Quieting the monkey mind is key to achieving inner stability.
Imagine the most peaceful state you have ever been in. Perhaps it was sitting on a beach while on vacation, far away from pressing concerns of work and daily routines. Vacations are wonderful because everyone grants their permission for you to be absent. What would it be like if you could grant yourself that permission once or twice a day, whether at work, at the dinner table, in bed with your favorite person? If you could do that, really do it, it would be like sitting on that beach.
A quiet mind usually comes spontaneously when you’re least expecting it. Perhaps your body reaches a moment of homeostasis and your brain shifts into neutral. For a brief time, you experience the no-thought state. Did you notice that it was just your thoughts that stopped and not your awareness? Losing awareness is called unconsciousness. Your thoughts stopping is called mindfulness.
When Buddha’s students asked him, “What are you?” He answered them, “I am awake!” To be fully awake, you cannot be thinking. Thoughts take you out of wakefulness. The second you start to think, mindfulness stops. Mindfulness and being awake! are the same thing. Achieving this level of awareness puts you immediately into the flow state.
Imagine that—having the ability to enter the flow state at will!
This is not as difficult as you might think. Many years ago, I was taking TaeKwonDo lessons at a prestigious school led by a 7th-degree blackbelt who had twice been the national champion of South Korea. This guy was the real deal. Whenever I had to spar with him, believe me, I was IN THE MOMENT. No thoughts were coming in. My attention was focused 100% on him. “Eye—always look eye!” as Mr. Myagi would say in Karate Kid. Nothing stabilizes your attention like an intense confrontation.
Many years before that, I was an alpine ski racer. Same thing. Pushing out of the starting gate, all thoughts left my mind. Only focused awareness. No thinking. All of the thinking had already been done during course inspection—here’s where I’m going to initiate my turn, here’s where I’m getting into my tuck position, here’s where I’m going to take a high line. But during the race, no thinking, only awareness of the snow under my skis and going as fast as possible.
The difference between awareness and thinking is that awareness is being present to what’s happening and thinking is thinking about what’s happening. Two different things. One is mindfulness, the other is not. One puts you into the flow state and the other pulls you out of it.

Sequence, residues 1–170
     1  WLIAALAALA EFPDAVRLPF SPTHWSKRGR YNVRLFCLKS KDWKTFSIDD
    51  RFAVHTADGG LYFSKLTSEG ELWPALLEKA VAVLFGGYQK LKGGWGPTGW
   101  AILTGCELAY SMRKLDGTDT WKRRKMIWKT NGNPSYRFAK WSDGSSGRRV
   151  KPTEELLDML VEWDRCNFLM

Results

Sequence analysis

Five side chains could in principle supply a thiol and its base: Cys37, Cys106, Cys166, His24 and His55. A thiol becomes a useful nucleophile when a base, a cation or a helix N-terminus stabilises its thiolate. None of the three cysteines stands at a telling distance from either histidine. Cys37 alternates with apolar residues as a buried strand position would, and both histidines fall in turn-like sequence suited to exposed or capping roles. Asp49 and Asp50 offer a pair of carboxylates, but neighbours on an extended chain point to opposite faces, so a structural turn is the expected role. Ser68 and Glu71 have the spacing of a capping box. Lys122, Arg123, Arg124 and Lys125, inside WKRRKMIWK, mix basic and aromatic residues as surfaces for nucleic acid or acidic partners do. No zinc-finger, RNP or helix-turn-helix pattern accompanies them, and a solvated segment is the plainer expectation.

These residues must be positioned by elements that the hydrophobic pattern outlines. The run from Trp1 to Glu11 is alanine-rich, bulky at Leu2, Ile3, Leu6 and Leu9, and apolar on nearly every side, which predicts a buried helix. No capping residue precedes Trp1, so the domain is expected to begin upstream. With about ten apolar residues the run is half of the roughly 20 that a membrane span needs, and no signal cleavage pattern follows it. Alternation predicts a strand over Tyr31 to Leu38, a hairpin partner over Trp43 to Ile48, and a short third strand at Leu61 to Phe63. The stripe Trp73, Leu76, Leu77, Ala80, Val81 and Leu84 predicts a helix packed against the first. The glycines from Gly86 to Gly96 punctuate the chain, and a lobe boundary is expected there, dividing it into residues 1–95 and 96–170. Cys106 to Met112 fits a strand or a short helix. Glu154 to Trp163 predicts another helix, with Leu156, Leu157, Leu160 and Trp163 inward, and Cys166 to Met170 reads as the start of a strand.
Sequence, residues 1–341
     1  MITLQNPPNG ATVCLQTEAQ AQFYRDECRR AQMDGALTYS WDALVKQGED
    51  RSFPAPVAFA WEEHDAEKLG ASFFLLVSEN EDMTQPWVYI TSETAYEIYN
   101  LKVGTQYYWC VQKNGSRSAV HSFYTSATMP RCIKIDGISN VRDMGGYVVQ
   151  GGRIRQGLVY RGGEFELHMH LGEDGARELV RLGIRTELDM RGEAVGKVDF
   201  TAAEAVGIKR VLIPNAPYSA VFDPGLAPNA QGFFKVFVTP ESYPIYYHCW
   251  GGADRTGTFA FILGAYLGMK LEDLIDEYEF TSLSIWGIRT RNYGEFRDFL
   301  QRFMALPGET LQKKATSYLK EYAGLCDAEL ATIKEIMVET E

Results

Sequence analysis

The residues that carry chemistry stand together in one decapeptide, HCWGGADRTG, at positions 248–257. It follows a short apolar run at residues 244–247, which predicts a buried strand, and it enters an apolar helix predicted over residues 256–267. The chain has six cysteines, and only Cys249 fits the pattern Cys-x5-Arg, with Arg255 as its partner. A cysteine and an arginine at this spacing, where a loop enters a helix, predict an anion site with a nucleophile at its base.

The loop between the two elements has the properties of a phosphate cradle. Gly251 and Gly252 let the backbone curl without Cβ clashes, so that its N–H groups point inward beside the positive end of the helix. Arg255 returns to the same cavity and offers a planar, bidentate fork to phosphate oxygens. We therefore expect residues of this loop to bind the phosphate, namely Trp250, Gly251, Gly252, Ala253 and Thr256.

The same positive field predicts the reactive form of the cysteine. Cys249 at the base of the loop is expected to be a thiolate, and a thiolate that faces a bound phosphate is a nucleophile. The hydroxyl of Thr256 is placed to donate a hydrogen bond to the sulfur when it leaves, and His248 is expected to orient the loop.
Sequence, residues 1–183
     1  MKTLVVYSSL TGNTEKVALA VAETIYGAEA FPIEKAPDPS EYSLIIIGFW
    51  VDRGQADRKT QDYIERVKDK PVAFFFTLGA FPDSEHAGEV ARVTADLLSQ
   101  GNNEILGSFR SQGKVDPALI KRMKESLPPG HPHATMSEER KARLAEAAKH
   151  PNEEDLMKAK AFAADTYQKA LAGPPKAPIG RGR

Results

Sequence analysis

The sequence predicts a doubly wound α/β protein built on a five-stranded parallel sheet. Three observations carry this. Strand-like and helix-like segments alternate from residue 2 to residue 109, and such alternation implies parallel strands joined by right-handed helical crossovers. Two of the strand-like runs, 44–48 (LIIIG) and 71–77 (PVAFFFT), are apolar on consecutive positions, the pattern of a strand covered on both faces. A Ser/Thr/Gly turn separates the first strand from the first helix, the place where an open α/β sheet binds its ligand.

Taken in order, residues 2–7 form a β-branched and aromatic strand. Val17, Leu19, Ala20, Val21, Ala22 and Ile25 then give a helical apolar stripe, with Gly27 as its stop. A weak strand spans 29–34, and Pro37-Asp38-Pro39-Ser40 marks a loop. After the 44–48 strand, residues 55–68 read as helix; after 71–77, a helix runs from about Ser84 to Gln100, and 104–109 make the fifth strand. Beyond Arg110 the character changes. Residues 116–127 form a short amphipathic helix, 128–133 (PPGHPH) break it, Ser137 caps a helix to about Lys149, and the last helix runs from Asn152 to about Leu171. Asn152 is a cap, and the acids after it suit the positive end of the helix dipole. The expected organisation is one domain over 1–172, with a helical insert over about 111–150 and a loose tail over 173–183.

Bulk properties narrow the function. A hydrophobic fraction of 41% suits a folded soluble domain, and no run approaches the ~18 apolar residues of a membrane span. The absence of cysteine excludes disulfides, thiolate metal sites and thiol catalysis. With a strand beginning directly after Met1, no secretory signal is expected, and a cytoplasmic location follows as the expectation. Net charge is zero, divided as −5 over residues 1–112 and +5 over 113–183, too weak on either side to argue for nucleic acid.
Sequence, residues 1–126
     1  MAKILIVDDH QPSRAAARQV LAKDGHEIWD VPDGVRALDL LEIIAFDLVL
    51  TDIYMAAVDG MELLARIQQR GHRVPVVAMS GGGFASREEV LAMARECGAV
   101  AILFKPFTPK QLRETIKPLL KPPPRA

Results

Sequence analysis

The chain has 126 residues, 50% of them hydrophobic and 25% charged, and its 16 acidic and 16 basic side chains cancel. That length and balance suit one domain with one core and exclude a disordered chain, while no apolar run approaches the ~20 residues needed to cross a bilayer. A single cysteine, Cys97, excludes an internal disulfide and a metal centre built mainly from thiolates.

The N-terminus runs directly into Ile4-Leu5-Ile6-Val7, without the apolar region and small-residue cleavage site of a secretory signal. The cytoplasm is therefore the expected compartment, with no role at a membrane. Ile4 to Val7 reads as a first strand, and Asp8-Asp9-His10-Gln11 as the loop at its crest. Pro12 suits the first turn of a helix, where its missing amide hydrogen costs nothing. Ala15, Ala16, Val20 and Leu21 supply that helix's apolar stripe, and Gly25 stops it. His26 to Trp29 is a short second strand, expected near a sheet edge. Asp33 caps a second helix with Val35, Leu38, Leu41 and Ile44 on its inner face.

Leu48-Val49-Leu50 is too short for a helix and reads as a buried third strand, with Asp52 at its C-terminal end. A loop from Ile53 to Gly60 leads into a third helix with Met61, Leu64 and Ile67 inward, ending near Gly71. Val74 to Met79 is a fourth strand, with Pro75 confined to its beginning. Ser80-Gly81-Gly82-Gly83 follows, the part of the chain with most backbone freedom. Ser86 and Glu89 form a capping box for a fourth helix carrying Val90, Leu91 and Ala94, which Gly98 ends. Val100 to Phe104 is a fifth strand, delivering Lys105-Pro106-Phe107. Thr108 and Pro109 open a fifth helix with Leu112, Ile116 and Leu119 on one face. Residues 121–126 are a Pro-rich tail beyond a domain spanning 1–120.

Does this mean we never have to think? Of course not. We have to plan our lives. But once our plans are made, executing them requires being in the moment. The better our plans, the better able we can enter the flow state. If something comes up that’s inconsistent with our plans, then and only then do we start thinking. We adjust. We pivot. We plan again.
This also doesn’t mean that we can never let our minds run free. Have a delightful conversation. Tell jokes. Speculate about the markets with a co-worker. Daydream. All of these are the stuff of an interesting, enjoyable life. But when Mr. 7th-degree blackbelt shows up, you better be on your game! Get in the moment. FAST. And to do that, you will have to start practicing. Like, now.
Here’s how you do it.
Pick a time when you are most relaxed. Relaxation is very important in this. Maybe on a Sunday morning when you don’t have to get out of bed. Your day hasn’t started yet, so you haven’t started planning. You haven’t started thinking. Get a sense of the room and then close your eyes. Pick a spot on the wall or the foot of your bed and fix your gaze upon it through your eyelids. Feel the spatial dimension between you and it.
Next, deliberately make yourself stop thinking. As Patanjali said, “Yoga is the intentional stopping of the spontaneous activity of the mind-stuff.” The keyword here is “intentional.” YOU have to do it. Your thoughts aren’t going to stop themselves. Is this difficult? It can be. But if your timing is right and you practice it often enough, it gets easier. A lot easier. Pick those times when you are most relaxed and slip into it.
The most important thing to remember is that mindfulness is about awareness, and to be aware, you have to be aware of something. There are other states of mind where you turn awareness back upon itself, where you empty it of all content. But that’s a different exercise. In this practice, we’re interested in the application of awareness, how to use it to stabilize your mind so that you can fully engage with your life.
The more you do this, the easier it will get, and you will soon be able to call upon it on demand. You will be able to enter the flow state at will.
– Michael Maciel, The Urban Mystic